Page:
Carla M. Lee (carlamlee) wrote,
Carla M. Lee

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[books] The first paragraphs of my favorite books, part two

I was reading back through some older entries, and I stumbled onto this entry, in which I presented the first line of ten of my favorite books. And I enjoyed reading back over the list so much that I thought I'd do it for another ten of my favorite books. I could probably do this every week for the rest of my life, and not run out of books, but that's beside the point.

So, without further ado:

In no particular order:

"This will be over soon, and then I can go home to Tara." Scarlett: The Sequel to Margaret Mitchell's Gone With the Wind by Alexandra Ripley.

It's not the first book. Of course it's not as good as Gone With the Wind was. But it is still an interesting take on what happens after GWtW, and I really enjoyed Scarlett's adventures, especially when she leaves the country.

"Keladry of Mindelan lay with the comfortable black blanket of sleep wrapped around her. Then, against the blackness, light moved and strengthened to show twelve large, vaguely rat- or insect-like metal creatures, devices built for murder. The killing devices were magical machines made of iron-coated giants' bones, chains, pulleys, dagger-fingers and -toes, and a long, whiplike tail. The seven-foot-tall devices stood motionless in a half circle as the light revealed what lay at their feet: a pile of dead children." Lady Knight by Tamora Pierce, the fourth book of the Protector of the Small quartet.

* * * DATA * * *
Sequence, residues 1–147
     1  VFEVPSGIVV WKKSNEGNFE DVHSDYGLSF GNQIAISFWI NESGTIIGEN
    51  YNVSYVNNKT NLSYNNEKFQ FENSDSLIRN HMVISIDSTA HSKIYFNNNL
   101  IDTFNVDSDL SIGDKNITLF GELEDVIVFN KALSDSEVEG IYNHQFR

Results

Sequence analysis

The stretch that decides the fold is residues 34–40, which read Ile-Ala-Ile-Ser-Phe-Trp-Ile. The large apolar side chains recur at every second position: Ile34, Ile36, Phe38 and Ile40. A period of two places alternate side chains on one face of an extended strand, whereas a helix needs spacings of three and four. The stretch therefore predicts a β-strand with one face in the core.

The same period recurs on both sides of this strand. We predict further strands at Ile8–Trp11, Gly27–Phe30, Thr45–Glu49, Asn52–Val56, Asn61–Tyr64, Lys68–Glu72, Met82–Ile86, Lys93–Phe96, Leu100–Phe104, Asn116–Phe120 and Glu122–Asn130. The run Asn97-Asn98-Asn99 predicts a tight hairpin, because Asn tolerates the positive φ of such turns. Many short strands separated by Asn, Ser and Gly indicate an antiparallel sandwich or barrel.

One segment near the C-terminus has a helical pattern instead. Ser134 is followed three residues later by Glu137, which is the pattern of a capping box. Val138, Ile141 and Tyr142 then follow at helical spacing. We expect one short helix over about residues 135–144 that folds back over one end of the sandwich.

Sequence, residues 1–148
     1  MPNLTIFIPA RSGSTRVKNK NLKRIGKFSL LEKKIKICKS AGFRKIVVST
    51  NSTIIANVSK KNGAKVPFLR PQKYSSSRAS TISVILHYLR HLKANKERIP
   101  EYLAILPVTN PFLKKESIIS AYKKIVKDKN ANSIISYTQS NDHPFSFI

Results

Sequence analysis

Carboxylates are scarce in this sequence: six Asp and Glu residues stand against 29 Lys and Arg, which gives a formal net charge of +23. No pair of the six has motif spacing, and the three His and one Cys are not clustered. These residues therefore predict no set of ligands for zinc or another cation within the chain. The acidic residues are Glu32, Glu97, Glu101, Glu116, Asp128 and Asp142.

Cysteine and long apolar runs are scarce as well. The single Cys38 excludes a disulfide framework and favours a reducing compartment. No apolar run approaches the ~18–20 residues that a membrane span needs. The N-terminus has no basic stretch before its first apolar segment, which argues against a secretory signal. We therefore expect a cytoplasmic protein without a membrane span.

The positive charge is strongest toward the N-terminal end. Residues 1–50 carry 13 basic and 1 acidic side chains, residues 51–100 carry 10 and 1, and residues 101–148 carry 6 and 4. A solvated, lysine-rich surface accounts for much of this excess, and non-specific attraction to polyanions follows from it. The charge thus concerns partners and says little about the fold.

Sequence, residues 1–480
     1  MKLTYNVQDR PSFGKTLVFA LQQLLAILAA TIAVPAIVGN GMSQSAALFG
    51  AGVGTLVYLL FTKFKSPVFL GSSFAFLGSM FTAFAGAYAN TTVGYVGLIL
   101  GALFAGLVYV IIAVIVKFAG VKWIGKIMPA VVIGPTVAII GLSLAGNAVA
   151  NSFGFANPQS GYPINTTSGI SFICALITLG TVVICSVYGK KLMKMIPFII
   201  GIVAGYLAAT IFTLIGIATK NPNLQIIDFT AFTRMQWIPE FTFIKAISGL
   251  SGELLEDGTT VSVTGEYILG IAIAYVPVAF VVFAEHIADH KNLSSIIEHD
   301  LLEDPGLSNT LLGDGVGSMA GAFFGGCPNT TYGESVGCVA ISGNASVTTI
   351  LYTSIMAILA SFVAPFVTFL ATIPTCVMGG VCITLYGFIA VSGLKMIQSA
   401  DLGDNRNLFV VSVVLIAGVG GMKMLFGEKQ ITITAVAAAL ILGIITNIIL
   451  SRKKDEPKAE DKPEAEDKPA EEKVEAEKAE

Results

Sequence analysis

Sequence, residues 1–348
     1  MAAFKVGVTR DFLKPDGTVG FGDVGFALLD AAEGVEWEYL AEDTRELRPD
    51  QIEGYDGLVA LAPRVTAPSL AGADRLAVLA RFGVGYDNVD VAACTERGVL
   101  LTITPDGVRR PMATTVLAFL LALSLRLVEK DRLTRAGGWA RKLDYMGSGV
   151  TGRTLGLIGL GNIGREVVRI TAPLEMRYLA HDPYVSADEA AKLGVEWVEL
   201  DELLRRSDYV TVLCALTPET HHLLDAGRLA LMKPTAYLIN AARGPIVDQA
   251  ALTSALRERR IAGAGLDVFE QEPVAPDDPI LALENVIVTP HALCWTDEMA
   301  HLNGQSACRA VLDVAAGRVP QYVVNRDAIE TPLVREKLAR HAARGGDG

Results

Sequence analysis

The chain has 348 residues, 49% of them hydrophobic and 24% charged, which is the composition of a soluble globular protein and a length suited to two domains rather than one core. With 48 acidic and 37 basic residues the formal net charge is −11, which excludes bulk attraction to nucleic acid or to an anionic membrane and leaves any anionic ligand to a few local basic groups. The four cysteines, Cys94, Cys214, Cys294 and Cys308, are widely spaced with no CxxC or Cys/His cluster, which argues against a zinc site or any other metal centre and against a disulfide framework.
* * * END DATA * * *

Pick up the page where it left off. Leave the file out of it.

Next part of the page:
I've talked about Ms. Pierce's books before, but I'll never be able to say it enough. Go. Read all of her stories. Marvel at the complexity with which she writes these books supposedly written for young adults. Reread the stories. Take even more from them. Read them yet again, and again, and again. You won't be able to stop reading them.

"We didn't always live on Mango Street. Before that we lived on Loomis on the third floor, and before that we lived on Keeler. Before Keeler it was Paulina, and before that I can't remember. But what I remember most is moving a lot. Each time it seemed there'd be one more of us. By the time we got to Mango Street we were six--Mama, Papa, Carlos, Kiki, my sister Nenny and me." The House On Mango Street by Sandra Cisneros

Cisneros uses the vignette to create a world that is harsh, beautiful, and painful all at once. Her narrator is stunning, and the voice of the narrative itself clearly draws from her heritage, revealing power and passion and pain. It's fantastic writing.

"Sunday November 21st
my bedroom
4:05 p.m.
I've just seen a sparrow be quite literally washed off its perch on a tree. It should have had its umbrella up. But even if it had had its umbrella up it might have slipped on a bit of wet leaf and crashed into a passing squirrel. That is what life is like. Well, it's what my life is like." Dancing In my Nuddy-Pants: The Even Further Confessions of Georgia Nicolson by Louise Rennison

This series is often compared to Bridget Jones, only for the younger crowd. However, Georgia is a fun and funny narrator, and though she is young, she is witty and smart--at times--and altogether interesting. I've never laughed at books more than I've laughed at this set.